Crom in the Hyborian Age

Posted: August 15, 2012 in Barbarian Philosophy

Conan of Cimmerian gods: Their chief is Crom. He dwells on a great mountain. What use to call on him? Little he cares if men live or die. Better to be silent than to call his attention to you; he will send you dooms, not fortune! He is grim and loveless, but at birth he breathes power to strive and slay into a man’s soul. What else shall men ask of the gods?
The Queen of the Black Coast

Many esteemed Hyborian scholars have looked upon this passage as evidence that Conan and his Cimmerians were atheistic, or something approaching that. Let me say that I am not buying it.

Atheist – one who disbelieves or denies the existence of God or gods.

Okay, we’re done.

Conan says, “What use to call on him?” Yet he shouts the name of Crom in nearly each of his adventures. Is this Conan “calling on” Crom? This is certainly not mere “cursing”, as we do in our dystopian civilized culture.

Looking at the remainder of the passage, we can understand that by “calling on him”, Conan means asking a favor of this deity. At birth, Crom breathes power to strive into a human soul. After that, Crom’s job is done. Favors or answered prayers are not to be expected

So why does Conan say “Crom!” so often if he is not “calling on” his deity? For my part, I think of the character Tevye in the musical The Fiddler on the Roof; Tevye has an ongoing one-way conversation with his God. Like Tevye, then, Conan could be saying, “Crom, look at this! What a Mensch I am!” or “Crom, can believe how these civilized poeple are already?”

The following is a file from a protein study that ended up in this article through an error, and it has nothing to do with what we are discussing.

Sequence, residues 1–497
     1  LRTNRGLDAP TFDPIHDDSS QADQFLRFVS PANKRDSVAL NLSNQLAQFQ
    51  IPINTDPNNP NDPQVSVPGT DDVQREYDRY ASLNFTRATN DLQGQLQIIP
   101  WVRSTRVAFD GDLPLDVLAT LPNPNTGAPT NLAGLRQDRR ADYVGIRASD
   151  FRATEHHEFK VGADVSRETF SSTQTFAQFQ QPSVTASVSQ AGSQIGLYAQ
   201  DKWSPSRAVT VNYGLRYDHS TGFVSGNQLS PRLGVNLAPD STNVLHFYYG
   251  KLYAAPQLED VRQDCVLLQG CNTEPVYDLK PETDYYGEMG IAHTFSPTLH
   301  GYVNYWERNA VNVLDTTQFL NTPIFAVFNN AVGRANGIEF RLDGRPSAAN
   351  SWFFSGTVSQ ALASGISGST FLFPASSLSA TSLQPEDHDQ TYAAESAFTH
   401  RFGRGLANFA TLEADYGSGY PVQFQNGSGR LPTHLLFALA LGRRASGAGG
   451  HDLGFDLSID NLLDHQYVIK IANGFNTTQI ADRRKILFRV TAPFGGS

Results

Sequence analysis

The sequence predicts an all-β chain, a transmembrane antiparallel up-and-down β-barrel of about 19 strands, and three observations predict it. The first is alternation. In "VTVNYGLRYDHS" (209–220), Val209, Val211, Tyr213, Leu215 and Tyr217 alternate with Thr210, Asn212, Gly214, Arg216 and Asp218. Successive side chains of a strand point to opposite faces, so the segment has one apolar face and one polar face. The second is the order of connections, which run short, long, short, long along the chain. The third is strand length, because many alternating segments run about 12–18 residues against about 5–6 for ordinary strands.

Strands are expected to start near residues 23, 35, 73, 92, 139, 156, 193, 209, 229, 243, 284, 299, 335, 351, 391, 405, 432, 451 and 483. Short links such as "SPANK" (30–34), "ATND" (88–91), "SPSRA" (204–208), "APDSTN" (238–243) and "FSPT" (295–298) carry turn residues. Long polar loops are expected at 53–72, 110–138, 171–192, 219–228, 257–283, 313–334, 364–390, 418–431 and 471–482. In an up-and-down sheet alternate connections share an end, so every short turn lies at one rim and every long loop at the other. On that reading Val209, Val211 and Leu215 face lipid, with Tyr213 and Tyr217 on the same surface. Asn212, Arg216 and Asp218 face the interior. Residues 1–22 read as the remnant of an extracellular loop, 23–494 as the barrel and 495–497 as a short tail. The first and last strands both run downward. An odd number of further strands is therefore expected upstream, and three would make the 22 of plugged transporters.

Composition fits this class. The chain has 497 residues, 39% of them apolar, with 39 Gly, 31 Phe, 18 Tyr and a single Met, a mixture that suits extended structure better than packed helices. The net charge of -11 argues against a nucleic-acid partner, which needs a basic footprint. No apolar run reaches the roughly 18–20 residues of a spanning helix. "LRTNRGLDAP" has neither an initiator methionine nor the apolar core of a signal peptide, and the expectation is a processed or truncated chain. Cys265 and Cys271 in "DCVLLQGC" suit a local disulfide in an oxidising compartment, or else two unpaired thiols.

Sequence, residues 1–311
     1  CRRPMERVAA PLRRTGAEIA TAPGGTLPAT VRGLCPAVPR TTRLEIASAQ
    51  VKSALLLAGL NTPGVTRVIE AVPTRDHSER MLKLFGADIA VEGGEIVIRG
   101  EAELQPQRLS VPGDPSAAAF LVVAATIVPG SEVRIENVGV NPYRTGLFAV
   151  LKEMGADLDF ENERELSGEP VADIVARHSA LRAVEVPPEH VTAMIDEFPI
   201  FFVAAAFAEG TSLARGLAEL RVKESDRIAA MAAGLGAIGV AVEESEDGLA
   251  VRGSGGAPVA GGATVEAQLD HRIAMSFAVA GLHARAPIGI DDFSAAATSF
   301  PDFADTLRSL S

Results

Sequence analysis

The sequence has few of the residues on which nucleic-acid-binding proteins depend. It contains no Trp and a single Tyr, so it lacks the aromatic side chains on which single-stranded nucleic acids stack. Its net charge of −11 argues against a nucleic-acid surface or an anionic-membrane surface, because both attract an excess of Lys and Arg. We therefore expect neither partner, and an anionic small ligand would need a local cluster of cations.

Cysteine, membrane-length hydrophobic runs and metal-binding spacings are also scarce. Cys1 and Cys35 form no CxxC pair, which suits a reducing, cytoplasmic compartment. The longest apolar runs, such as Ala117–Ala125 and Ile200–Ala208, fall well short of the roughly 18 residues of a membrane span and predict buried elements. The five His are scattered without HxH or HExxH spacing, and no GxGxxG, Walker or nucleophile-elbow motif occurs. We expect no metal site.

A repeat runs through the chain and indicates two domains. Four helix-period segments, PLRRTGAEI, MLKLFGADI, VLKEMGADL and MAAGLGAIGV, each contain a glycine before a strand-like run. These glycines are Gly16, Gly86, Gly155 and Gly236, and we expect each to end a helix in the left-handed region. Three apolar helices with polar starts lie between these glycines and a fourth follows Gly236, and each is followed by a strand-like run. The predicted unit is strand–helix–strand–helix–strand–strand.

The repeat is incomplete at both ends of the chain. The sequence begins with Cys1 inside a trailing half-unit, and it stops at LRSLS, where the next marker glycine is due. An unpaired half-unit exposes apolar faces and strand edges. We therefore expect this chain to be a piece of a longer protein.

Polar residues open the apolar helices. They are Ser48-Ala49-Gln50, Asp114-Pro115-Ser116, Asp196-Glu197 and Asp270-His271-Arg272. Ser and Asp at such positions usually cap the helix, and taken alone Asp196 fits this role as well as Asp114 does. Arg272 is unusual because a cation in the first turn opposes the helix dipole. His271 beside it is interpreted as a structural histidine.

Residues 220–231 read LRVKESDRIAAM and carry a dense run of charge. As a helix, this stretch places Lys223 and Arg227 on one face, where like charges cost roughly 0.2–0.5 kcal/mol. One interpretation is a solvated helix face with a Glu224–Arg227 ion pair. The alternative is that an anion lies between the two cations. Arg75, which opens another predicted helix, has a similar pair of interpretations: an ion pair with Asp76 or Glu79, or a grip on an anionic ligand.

Most usefully, he may be recalling the divine spark to his “power to strive”, as it comes from none other than Crom. He’s not ashamed to thank Crom. In the otherwise forgettable tale, The Vale of Lost Women, he says: “You said I was a barbarian…and that is true, Crom be thanked.”

Conan does know that the source of his power to strive comes from Crom, and that this is among the thing that separates him from civilized weaklings. Thank Crom!

  1. kortoso says:

    Adding: “His gods were simple and understandable; Crom was their chief, and he lived on a great mountain, whence he sent forth dooms and death. It was useless to call on Crom, because he was a gloomy, savage god, and he hated weaklings. But he gave a man courage at birth, and the will and might to kill his enemies, which, in the Cimmerian’s mind, was all any god should be expected to do.”
    – from The Tower of the Elephant

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